Philadephia Born and Bred
Workers’ comp attorney Samuel H. Pond, one of the founders of Pond Lehocky Stern Giordano, draws on his blue-collar background to create a successful practice
Published in 2012 Pennsylvania Super Lawyers magazine
By Ross Pfund on May 18, 2012
Q: What first got you interested in the law?
A: My father was a union member for 35 years. He was always very much involved in the union movement. They had to turn to lawyers to be able to strike, collectively bargain and those types of things. He always taught me about the importance of the rule of law. But I don’t think I ever had that affinity until I got into undergraduate school at Drexel University, and started thinking about going out and representing the folks that I grew up with.
Q: I understand you had a couple of interesting jobs before you became a lawyer.
A: I worked at all the Philadelphia institutions—I worked at Tasty Baking Co. in production; I worked at the old Schmidt’s Brewery in Brewerytown; and I worked at The Philadelphia Inquirer as a union member for nine years on a lot of Friday and Saturday nights while going to Drexel and Temple Law School.
Q: You hit the high spots.
A: Yeah, when you work at Schmidt’s, Tastykake and the Inquirer, go to Drexel undergrad and Temple Law School, go to a Philadelphia high school and grade school and come out of a Philadelphia neighborhood, it doesn’t get much more Philly, I guess. [laughs]
My mom worked in, more or less, a dry-cleaning sweatshop in North Philadelphia, and my dad worked as a machinist in Local 686, which is the gas workers union. I boxed; I fought at the Philadelphia gyms and the Fishtown Boxing Association Gym. I fought George Bochetto [of Bochetto & Lentz] at the Blue Horizon three years ago for a charity event—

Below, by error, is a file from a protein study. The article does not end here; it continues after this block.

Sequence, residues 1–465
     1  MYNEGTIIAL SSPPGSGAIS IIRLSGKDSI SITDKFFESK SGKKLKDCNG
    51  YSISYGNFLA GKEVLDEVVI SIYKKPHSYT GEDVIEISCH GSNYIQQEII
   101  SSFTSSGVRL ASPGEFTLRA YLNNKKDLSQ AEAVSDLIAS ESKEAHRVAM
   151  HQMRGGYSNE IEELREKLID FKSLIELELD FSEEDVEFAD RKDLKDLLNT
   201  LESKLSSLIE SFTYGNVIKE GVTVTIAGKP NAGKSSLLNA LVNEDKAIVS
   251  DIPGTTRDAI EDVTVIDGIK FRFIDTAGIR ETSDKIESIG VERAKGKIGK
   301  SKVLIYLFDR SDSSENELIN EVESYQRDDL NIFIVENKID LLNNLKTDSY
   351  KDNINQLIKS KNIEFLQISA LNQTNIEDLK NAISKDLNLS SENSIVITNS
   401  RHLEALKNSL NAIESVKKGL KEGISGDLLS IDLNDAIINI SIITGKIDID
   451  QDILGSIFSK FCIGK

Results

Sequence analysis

Q: How’d you do?
A: I did OK—I’d rather not judge my performance. I’ll leave that to others. We raised money, so it was fun. It was a thrill. Two Philadelphia lawyers battling it out in a ring, not in a courtroom.
Q: How does your blue-collar background inform your practice?
A: It’s at the core. Doing these jobs myself, and watching my parents and uncles and aunts do this kind of work, it just allows me to feel very comfortable with my clientele. It allows me to be empathetic with them, compassionate with them. I mean, I lived it. I saw my father get burned; I saw my mother break her hip on the job. There are two [things] these people come with: They come with ignorance and they come with fear. Once you give them some knowledge and resources to go to battle with, you literally make differences in people’s lives. The whole background just allows me to talk the talk.
Q: Workers’ comp seems like a natural thing to do, then.
A: Absolutely. Not that we don’t represent professionals and white-collar folks, who I can relate to as well. But I think my background allows me to converse with them in easy language and to be able to communicate their rights under the Workers’ Compensation Act.
Q: I understand you now represent your father’s union.
A: I do. My father started there in November of ’46. I just spoke at their union meeting last Thursday. The first time I spoke to them, it was a very emotional evening. It’s a thrill.
My father worked for 35 years, and on his deathbed—they both died my first year of law school—my mother would have been a natural beneficiary for his pension, but because she had passed, he called the union president to Jefferson [Hospital], where he was dying of cancer, and designated my sister and I for his pension. That was denied by the gas commission, and the nature of the denial was that my father was not alive the first day of the month following, that being April 1, 1982.
After 35 years, the fact that he didn’t live another nine days is why they denied that pension. We were successful in challenging that, and I now have a scholarship fund in my mother’s name that I use this money to fund.
Q: What is it about the courtroom experience that you love?